Brooklyn Resident's Yard Gone to the Birds


"It's not nearly as cool having chickens on your farm as in your New York City backyard," Dan Feldman says. Feldman, a thirty-nine-year-old executive who lives in Ditmas Park, Brooklyn, is about to get cool thanks to a chicken coop--the Chicken Ark--designed by Australian expat Drew Waters, a TV news employee by day and Noah-like chicken coop creator by evening/night.

Why chickens?

First, there's the cachet of it. Feldman had been living in Manhattan apartments for the last twenty-one years, and just bought a house that had space for a chicken coop – something remarkable in a city in which most people live in apartments that aren't much bigger than a henhouse. Second, Feldman had, he says, "just about every other kind of pet known to existence – all manner of mammal and reptile." He didn't want to go through the drama of owning a dog again, realized his family – Feldman has kids – ate a lot of eggs, and had been reading all the buzz about backyard animal husbandry. Third, installing a coop is really just the next logical step.

Feldman found Waters' company, Handcrafted Coops, to be an awesome alternative to the Eglu, which is quickly become the most popular coop for amateur backyard enthusiasts, the--"Frank Gehry-designed modernist coop," as Feldman calls it. The Eglu is made of polyethylene plastic and shaped like a spaceship.



Waters' coops--of which there's just one A-frame model--are the complete antithesis. "The look of the coop is based on a traditional design used by a lot of henkeepers in Britain," Waters says. "But that ark A-frame structure -- that was just a design experiment." The handcrafted coop is a simple but sleek little chicken home.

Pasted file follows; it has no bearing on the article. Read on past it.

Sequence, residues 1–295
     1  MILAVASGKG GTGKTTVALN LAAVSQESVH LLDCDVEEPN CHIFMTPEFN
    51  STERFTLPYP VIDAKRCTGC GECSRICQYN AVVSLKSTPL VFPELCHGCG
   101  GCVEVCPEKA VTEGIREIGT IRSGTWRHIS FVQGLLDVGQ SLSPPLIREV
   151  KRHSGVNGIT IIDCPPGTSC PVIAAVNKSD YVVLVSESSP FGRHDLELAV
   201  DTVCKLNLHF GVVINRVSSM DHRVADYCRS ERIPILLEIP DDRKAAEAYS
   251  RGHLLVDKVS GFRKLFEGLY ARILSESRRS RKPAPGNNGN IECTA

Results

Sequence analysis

How did someone get from TV news to handcrafted chicken coops? For Waters, it started with the Park Slope Food Co-Op, one of the oldest in the country and a cultural touchstone for new Brooklynites. That, and the increasingly inescapable presence of what we can call the Michael Pollan School-"eat food, not too much, mostly plants"-of eating. "People are becoming more and more aware of wanting to control the source of their food," Waters says. "It was both a design desire and seeing a need that was lacking." Waters' coops are manufactured by a local woodshop and pack flat for shipping to anywhere his customers are; typically hippy places like Madison, Wisconsin; Portland, Oregon; and Austin, Texas are big on his waybills.

Feldman isn't sure how his experiment is going to pan out, but one thing's for certain: it looks like we're en route to a chicken coop coup.
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